JUL 11, 2018 12:00 PM PDT

The Power of Seal Serum

WRITTEN BY: Caitlin Williams

The depths of the oceans have always been a mystery and fascination for human kind. Lack of accessible oxygen and increased pressure prevent us from diving in to the depths unharmed, unlike the marine mammals that can survive the mysterious depths. But what factors allow these marine mammals to swim the depths unharmed?

When humans dive into deeper waters they can suffer lung injury and decompression sickness. Decompression sickness, also known as the bends, is the result of a rapid decrease in pressure that surrounds you. In the case of diving this would occur when going from the depths of the ocean to the surface quickly. As you descend into the depths while scuba diving you take in extra oxygen and nitrogen, your body uses the oxygen while the nitrogen dissolves in to your blood. When you begin to ascend back from the depths to the surface the pressure around you changes, if this is done too quickly the nitrogen does not clear from the body but instead forms bubbles in your blood and tissues. This can lead to joint pain, damaged blood vessels, and the prevention of normal blood flow.

Lung injury can occur when tissues are damaged after a period of ischemia (lack of oxygen) and blood returns to the tissue, also known as ischemia-reperfusion injury (IRI). The deeper you dive the greater the pressure exerted on the body, this can lead to collapsed lungs and pulmonary oedema. Pulmonary oedema is caused by excess fluid in the lungs, it collects in the air sacs making it difficult to breathe and is partly mediated by inflammatory cytokines.

Despite repeated dives to depths that induce lung collapse and re-expansion, marine mammals like diving seals show no evidence of lung injury typically found in humans. Previous studies have shown that this may be due to surfactants that promote alveolar opening upon lung re-expansion, and that hyperbaric injury can lead to cytokine-mediated inflammation in animal models. However, the mechanism that protects against tissue injury or cytokine production following IRI in these mammals has yet to be elucidated. Recent studies suggest that these mammals do experience decompression sickness, which implies they have a mechanism for tolerating the problem of nitrogen bubble formation.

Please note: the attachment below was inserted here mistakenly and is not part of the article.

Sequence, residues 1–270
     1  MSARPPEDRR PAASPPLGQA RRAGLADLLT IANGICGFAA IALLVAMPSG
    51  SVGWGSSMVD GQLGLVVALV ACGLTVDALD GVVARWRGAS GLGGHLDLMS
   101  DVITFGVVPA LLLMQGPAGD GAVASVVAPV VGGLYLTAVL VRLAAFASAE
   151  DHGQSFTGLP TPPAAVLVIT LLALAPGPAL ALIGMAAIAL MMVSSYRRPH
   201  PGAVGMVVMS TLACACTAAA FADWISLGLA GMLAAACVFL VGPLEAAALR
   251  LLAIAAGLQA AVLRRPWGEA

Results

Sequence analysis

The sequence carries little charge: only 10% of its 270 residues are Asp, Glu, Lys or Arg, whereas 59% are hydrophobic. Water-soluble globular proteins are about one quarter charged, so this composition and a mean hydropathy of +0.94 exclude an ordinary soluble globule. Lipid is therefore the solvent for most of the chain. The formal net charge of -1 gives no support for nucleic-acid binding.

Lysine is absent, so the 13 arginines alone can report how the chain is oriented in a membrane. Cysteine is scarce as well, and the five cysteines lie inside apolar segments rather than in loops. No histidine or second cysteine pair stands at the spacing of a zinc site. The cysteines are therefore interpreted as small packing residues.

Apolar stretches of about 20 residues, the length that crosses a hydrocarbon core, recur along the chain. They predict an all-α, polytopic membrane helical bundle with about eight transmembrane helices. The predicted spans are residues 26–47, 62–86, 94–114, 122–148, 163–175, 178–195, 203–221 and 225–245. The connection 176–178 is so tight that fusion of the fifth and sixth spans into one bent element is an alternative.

To unravel the mechanism for of combating decompression sickness scientists suggested the possibility of a reduced inflammatory response. A diverse group of scientists from across the country hypothesized that the immune response in diving seals was modified to allow them to transit great depths without invoking inflammatory injury to the lungs or tissues with repeated diving. To study the innate immune response in diving seals they measured response to lipopolysaccharides (LPS) in seal blood, monocytes, and serum.

LPS is an endotoxin found on the surface of gram-negative bacterias outer membrane, it triggers a strong immune response in vertebrates. When challenged with LPS, the inflammatory response in seal blood was drastically lowered compared to that of humans, with inflammation 50 to 500 times greater in humans. The ability of seal serum to confer anti-inflammatory protection from LPS exposure was then tested using mouse macrophages. Seal serum was added to macrophage mouse cells exposed to LPS, resulting in the immune response quenching compared to mouse macrophages exposed without the seal serum.

"These data suggest that seal serum possesses anti-inflammatory properties, which may protect deep divers from naturally occurring inflammatory challenges, such as dive-induced hypoxia-deoxygenation and lung collapse," say the researchers. The next step in the process is to identify the specific components of seal serum that confer anti-inflammatory protection. Harnessing an anti-inflammatory compound could have use in scenarios such as transplant surgery organ survival.

To read this study click here. To learn more about how seals can survive diving to deep depths watch the video below!

Harvard Medical SchoolMayo Clinic

About the Author
  • Caitlin holds a doctorate degree in Microbiology from the University of Georgia where she studied Mycoplasma pneumoniae and its glycan receptors. She received her Bachelor's in Biology from Virginia Tech (GO HOKIES!). She has a passion for science communication and STEM education with a goal to improve science literacy. She enjoys topics related to human health, with a particular soft spot for pathogens.
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